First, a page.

8 customisable modules in both the bottom and right shelf

I won’t go deep into the features of PathFinder that makes it my choice of Finder replacement here on this article but here’s a summary of it.

  • File Operations Queue
  • Dual-pane view
  • Bookmarks and Favourites
  • Configurable Shelves
  • Highly customisable and a whole bunch of features like…[adrotate banner=”4″]
    • Calculate file checksums with MD2, MD4, MD5, SHA-1, SHA224, SHA-256, SHA384, and SHA-512
    • Built-in hex editor
    • Built-in image editor
    • Archive files and folders with zip, gzip, bzip, dmg, Stuff, tar, and more
    • Ability to quickly get the dimensions of an image file and copy the dimensions into the clipboard as the following text: width=”###” height=”###”
    • Built in terminal console module
    • Git or subversion integrations
    • Ability to securely delete a file
    • and more!

Link: Path Finder ($39.95)


8. Affinity Photo

If you need a good photo editor that has all the key features you look out for in Adobe Photoshop, but does not really need something as powerful as Photoshop, then Affinity Photo is the editor for you. First thing first, Affinity Photo is REALLY fast. It really is something that you have to use to believe how fluid the controls are. But more importantly, Affinity Photo provides most of the familiar features and capabilities as Photoshop, the industry benchmark for a professional photo editor app.

Affinity Photo also includes a pretty powerful RAW Processing capabilities as well which is very similar to Adobe’s Lightroom. I’ve not yer personally explored the RAW Persona deeply as I continue to use Adobe’s Lightroom for RAW development. But in my limited use of it, I find it as functional as one would expect from a RAW processing app. However, it does lack the rich support for camera color profiles and lens profiles as Adobe has. And because of that, I would likely continue to use Lightroom to develop my RAW files and then edit them in Affinity for post-processing.

Develop your RAW photos with Affinity Photo’s RAW Persona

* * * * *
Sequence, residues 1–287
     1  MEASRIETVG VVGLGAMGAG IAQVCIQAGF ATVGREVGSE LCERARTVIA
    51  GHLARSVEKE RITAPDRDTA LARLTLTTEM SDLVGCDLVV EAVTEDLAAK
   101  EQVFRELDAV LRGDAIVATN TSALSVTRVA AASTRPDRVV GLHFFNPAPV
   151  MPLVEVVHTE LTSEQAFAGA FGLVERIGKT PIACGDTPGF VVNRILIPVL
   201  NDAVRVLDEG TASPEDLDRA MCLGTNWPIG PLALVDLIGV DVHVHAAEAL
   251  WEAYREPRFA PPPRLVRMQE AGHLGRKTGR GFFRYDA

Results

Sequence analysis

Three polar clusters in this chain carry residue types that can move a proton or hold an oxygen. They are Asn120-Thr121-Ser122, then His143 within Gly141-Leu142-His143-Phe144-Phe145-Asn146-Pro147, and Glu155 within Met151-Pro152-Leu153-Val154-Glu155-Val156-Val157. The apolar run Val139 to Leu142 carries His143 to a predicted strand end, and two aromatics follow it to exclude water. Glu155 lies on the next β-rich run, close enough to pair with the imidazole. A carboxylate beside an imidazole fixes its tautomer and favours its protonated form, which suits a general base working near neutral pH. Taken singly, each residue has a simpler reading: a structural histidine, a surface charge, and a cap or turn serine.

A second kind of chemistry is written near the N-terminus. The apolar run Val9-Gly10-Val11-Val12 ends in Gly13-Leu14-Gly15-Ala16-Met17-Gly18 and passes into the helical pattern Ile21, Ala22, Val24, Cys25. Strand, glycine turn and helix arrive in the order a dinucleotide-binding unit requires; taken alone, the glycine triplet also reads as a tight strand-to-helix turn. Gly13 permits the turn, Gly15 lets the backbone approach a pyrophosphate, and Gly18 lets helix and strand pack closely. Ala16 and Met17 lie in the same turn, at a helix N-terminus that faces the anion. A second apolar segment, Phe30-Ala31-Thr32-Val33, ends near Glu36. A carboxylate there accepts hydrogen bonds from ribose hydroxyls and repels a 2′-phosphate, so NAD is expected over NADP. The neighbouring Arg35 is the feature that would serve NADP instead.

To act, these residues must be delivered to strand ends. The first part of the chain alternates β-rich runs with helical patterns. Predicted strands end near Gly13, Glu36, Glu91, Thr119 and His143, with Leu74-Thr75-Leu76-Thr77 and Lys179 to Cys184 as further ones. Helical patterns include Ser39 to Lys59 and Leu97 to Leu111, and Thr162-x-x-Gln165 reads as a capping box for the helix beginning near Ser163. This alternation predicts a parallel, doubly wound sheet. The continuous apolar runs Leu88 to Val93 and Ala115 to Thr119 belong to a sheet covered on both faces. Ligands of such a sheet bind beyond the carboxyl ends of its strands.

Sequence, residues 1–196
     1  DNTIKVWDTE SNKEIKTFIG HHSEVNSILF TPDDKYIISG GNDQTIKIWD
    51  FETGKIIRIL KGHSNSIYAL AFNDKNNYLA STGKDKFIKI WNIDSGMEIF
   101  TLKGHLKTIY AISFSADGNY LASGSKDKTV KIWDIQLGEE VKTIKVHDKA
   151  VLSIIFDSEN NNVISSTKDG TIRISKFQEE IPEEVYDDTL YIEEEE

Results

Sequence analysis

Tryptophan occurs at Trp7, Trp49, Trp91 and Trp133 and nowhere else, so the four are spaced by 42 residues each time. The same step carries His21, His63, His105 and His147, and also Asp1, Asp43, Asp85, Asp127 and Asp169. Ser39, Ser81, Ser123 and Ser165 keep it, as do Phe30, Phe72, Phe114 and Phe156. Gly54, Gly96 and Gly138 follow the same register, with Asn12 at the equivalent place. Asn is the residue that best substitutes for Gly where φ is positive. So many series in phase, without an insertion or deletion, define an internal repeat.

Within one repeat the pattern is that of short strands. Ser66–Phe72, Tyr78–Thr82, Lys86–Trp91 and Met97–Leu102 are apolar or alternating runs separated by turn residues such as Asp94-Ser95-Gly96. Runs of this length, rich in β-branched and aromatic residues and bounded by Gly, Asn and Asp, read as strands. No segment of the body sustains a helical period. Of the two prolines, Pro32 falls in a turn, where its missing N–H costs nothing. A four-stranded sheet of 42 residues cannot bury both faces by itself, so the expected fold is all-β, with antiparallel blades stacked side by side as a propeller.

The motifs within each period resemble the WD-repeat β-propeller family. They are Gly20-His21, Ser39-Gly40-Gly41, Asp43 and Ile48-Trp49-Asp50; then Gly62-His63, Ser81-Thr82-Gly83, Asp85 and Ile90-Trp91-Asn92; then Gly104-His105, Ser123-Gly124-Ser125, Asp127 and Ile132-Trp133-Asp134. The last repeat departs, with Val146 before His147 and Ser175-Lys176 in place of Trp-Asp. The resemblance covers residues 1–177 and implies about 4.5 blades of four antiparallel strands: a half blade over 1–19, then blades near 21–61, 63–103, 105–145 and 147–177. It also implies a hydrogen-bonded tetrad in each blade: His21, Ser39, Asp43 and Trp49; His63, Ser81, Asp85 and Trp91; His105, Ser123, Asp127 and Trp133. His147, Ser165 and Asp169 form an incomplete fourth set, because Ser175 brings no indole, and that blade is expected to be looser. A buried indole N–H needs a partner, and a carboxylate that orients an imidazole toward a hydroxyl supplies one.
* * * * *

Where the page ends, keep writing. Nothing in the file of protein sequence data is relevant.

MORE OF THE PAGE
Link: Affinity Photo ($49.99 on the Mac App Store)


9. DaisyDisk

If you have MacBook with limited SSD storage space, that means you’re more likely to fill it up faster as well. This is where an app like DaisyDisk is really handy.

As you can see form the screenshot, DaisyDisk presents your storage usage in a beautiful flower-like graph which acts as the intuitive visual map of your disk. It also doubles up as an interactive interface where you can discover what’s taking up all that storage space while allowing you to also select and remote the files within the app itself.

So if you find yourself to be running out of space on your Mac, DaisyDisk is the app to use to figure out what you can remove to gain back the space you need.

Link: DaisyDisk ($9.99 on the Mac App Store)


10. Gemini

Just as my recommendation for DaisyDisk, If you use a Mac with limited SSD storage space, any apps that helps you figure out how you can free up files that you don’t need anymore would be very helpful. And with Gemini, it does exactly that by searching your storage for duplicate files.

Gemini does it really fast and elegantly. Due to my highly collaborating work environment where I share a lot of files with my colleagues, there’s bound to be files that are duplicated pretty much all over my MacBook’s storage. Gemini has been a really great tool in helping me find all those duplicated files and allowing me to decide if I would want to delete them. I’ve so far been able to remove about 10+GB worth of storage wastage.

Link: Gemini: The Duplicate Finder ($9.99 on the Mac App Store)

11. iTerm 2

If you use the terminal and work on the command line a lot, then I highly recommend using iTerm 2 as the replacement of OS X’s Terminal. Just check out this list of advanced features of iTerm 2 here and you’ll never go back to Terminal. Trust me.

Searching on iTerm

 Link: iTerm 2

12. Little Snitch

For all the paranoid in you, Little Snitch is a great app that helps you protect your Mac from the outside world. How it works is quite interesting as it essentially is an anti-firewall, protecting not what’s incoming to your Mac, but what’s going out from your Mac to the Internet. And in some ways, this protects you better than just using a firewall as Little Snitch will prompt you every time an app requires to sent anything out to the Internet, unless you’ve already allowed it to do so permanently.

You can find out more about Little Snitch here. But if you are as paranoid as I am about what’s getting out of your Mac, Little Snitch is a great tool to help you keep that in check.

Link: Little Snitch (€ 29.95)

This article is an adaptation of the original article on my blog post here.